What does that imply for Cloudical’s offerings?

Good question! Thanks for asking!

The same measurements need to be applied here! If we ever create a software stack (and you could bet it would be a Vanilla software stack), we would need to open-source it. Without discussion and dispute. It would be a matter of trust!

Actually, the foundation behind our Managed PaaS– and Managed SaaS-service-offerings is an open-source software-stack. It consists of SUSE-products, such as CaaSP (Kubernetes) and CAP (Cloud Foundry), plus additional scripts and tools required to roll it out and to operate it.

Although we are speaking of a service on a platform stack everyone can easily roll out on its own (well, actually, no, there is a LOT of effort and a TON of knowledge in it), we will open-source it, within the next two to three months. Because we are committed to this kind of thinking, to transparency, trustworthiness and open-source.

Thanks again for asking. And thanks for commenting – and being critical on this and with me.

And yes, I still love Microsoft. 😉

#OpenSource is the way to go!

There are several reasons for this, but seeing my LinkedIn-timeline flowing over with proprietary software- and infrastructure-stack-related news, I feel I should point out some crucial points for open-source:

Open. Source.

The source is open – you can actually see, what is happening! This gives you something which you won’t get with proprietary software and ecosystems: Trust!

Trust

Trust is not only what you need in times where more and more workloads are sourced out into public cloud- and hyperscaler-environments, it is a strategic asset! Trust needs to be at the center of your actions, but there is another aspect being strongly related to that: Security!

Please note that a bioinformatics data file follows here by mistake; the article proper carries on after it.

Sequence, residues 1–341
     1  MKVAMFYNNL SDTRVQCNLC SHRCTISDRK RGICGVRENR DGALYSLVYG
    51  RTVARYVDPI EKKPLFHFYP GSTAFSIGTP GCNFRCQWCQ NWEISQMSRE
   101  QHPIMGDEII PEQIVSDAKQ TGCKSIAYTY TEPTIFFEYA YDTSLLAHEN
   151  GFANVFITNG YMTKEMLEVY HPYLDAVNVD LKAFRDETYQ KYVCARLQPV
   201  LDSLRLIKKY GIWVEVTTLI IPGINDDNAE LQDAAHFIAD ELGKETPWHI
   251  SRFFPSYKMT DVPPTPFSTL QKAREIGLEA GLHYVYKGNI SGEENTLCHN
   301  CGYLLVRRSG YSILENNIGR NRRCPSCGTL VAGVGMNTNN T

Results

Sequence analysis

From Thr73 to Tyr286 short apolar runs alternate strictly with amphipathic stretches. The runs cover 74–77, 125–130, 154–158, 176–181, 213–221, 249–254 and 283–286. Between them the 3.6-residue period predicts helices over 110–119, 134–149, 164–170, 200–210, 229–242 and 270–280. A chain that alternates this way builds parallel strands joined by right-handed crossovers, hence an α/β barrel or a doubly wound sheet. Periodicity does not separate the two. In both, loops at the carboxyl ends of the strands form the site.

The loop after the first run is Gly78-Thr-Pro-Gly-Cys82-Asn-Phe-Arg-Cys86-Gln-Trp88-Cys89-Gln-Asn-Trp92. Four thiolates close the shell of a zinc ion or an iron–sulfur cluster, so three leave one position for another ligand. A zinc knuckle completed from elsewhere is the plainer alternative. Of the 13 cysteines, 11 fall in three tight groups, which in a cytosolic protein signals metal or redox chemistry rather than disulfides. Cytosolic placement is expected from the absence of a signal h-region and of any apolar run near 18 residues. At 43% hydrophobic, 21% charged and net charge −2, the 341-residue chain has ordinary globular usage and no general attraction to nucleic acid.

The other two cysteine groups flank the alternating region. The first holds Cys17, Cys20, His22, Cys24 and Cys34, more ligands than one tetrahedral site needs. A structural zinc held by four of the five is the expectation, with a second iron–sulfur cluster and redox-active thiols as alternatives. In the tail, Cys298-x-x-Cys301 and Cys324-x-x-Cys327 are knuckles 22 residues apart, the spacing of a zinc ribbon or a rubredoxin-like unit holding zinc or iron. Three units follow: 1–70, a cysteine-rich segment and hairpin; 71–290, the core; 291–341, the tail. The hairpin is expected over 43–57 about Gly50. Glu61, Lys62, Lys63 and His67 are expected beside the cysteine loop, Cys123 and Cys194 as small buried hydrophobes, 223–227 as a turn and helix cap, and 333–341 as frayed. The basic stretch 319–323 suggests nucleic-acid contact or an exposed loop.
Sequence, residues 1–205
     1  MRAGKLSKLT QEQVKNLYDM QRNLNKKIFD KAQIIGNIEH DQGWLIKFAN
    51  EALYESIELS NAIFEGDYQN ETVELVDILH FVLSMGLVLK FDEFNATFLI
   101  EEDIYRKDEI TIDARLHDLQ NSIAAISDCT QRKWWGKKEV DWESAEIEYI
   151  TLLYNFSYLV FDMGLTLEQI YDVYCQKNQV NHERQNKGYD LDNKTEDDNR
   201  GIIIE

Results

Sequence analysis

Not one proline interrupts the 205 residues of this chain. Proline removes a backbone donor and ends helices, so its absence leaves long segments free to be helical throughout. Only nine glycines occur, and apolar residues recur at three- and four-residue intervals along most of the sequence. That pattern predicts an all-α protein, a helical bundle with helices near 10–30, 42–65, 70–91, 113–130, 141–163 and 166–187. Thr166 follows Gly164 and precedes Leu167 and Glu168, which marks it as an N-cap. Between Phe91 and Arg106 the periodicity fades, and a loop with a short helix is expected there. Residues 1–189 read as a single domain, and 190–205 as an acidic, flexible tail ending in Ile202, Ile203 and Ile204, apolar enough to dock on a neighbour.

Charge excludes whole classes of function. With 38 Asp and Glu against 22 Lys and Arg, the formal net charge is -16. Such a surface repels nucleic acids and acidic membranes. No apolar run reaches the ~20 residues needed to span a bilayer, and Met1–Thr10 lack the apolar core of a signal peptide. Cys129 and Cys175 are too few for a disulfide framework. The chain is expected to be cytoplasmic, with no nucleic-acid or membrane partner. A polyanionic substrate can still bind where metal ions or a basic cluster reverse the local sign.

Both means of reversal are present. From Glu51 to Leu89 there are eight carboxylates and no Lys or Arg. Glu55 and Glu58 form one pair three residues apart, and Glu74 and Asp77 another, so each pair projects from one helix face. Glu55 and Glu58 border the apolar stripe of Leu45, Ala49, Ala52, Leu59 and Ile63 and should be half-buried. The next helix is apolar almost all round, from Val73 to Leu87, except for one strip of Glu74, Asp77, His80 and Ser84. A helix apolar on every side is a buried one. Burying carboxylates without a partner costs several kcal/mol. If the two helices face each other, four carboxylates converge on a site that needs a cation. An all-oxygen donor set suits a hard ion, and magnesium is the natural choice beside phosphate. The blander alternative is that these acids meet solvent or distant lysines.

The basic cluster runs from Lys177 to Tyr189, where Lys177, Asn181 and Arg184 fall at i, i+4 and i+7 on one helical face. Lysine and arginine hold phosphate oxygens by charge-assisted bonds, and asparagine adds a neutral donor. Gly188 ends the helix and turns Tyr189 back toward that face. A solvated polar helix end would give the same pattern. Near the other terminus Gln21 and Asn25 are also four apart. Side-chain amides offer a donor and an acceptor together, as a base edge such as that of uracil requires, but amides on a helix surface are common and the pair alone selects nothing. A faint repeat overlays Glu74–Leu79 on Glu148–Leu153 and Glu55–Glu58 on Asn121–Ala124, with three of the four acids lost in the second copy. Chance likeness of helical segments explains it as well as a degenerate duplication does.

Security

With open-source software, literally everyone can check the source code and find security issues. Yes, it might be painful and it feels better with proprietary software, since their security issues are handled way more silent – but this is security-by-obscurity! Just because security issues are not that well-known, it does not mean they don’t exist. Instead, there is a higher chance for them to be exploited, since there is no sense of danger. Open-source-projects fix their security issues regularly and often – proprietary software vendors might not do this. This leads to another important aspect of open-source: Support.

Support

With open-source projects and solutions, you get an awesome level of support if you dare to ask. Yes, the tone might be sometimes a bit … nerdy, and yes, there are no SLAs, but this then again is where you can rely on professional vendors such as Cloudical, providing you with SLAs, professional support and managed services. The advantage of those vendors give you over proprietary software vendors is quite important: They are independent of a specific (proprietary) software stack! So they give you support and consultancy, but in an unbiased and open way.

If you compare this to vendors of proprietary software, they usually want to sell you their products – which might not be what you want. The open-source ecosystem provides you with many vendor-neutral frameworks and solutions – and you find a lot of skilled experts for your operational needs. And even if not (or if it would not be enough to hire those experts) – there are several very affordable and well-executed managed service offerings in place!